Women in Medicine: Dr Florence Sabin
Florence Sabin was born in Colorado in 1871, at 25 she began studying at the Johns Hopkins University School of Medicine where she was 1 of 14 women in her class. By the age of 46 Sabin was the first female full professor at an American medical college. If that wasn't impressive enough, then consider that it wasn't until 3 years later that the U.S. Constitution was changed to allow women to vote. Sabin was an impressive medical scientist, her research was largely focussed on investigating the origins of blood cells and the lymphatic system. Her substantial discoveries lead to her being voted into the National Academy of Science in 1925, making her the first woman to gain membership, where she remained the only female member for a further 20 years.
Aside from her impressive research output, Sabin mentored many students and influenced policy change. In 1944, 6 years after starting her retirement, Sabin became a prominent public health activist where she chaired a committee that assessed the public health needs of Colorado. In 1947 Sabin said that she was chosen to chair the committee as the Governor had no interest in public health and appointed "an old lady" because he did not believe she would accomplish anything. Her efforts contributed to the modernization of the public health system and the many bills that passed due to her influence are known as the "Sabin Health Laws". She returned to retirement in 1951 so she could care for sister and passed away two years later on October 3rd.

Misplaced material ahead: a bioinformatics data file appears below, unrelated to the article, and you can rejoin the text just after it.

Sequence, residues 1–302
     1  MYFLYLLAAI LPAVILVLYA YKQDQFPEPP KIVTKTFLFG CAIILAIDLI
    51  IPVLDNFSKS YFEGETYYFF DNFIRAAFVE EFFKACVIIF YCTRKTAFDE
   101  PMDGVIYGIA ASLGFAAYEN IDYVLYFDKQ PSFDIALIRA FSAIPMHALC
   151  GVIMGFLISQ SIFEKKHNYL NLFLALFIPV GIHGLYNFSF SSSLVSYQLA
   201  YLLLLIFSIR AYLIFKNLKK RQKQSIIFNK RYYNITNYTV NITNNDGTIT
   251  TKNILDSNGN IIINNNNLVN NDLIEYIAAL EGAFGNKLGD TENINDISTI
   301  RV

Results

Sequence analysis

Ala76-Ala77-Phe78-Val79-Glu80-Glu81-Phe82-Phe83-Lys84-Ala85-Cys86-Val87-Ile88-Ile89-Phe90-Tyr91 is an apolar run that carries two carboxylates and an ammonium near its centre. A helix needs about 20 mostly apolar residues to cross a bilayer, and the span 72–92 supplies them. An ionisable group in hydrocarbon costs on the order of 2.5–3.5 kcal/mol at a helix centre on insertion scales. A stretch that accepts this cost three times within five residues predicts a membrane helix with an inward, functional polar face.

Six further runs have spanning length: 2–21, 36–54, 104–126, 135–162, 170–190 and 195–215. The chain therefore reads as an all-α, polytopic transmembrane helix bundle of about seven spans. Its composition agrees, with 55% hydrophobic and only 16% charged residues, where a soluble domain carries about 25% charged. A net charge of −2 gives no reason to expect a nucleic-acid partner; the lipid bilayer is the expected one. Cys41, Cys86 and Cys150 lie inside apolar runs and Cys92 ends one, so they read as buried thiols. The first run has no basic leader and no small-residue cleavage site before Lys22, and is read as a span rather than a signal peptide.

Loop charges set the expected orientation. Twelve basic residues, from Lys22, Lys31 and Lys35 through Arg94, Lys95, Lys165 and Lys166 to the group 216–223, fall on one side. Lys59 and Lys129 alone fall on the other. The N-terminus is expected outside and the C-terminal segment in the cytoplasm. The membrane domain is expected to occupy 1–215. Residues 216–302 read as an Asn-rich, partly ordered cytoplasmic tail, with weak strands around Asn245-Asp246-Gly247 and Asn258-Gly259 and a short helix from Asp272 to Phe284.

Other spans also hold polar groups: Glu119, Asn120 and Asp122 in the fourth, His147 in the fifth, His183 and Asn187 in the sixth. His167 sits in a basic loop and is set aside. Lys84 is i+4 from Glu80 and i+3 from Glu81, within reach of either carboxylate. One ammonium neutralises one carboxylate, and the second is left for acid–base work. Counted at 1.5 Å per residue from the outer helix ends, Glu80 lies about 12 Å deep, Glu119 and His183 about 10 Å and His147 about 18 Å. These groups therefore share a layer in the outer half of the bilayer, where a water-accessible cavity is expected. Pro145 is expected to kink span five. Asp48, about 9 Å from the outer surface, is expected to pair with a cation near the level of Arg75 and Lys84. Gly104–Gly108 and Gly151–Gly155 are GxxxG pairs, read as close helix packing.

Florence Sabin was a trailblazer medical scientist and public health activist. She broke down the many barriers that women in science face and demonstrated the power of perseverance.
Naomi is an active researcher, science communicator and university educator. Her PhD at the University of Technology Sydney is focussed on modelling multiple sclerosis with stem cells isolated from fat. While still a budding science communicator, she has competed at the national finals of FameLab, featured as a biology expert on all 10 episodes of Dr Karl's Outrageous Acts of Science with Discovery Channel and hosted 5 episodes of Sciencey with ABC. You can follow her journey on Instagram and Twitter.
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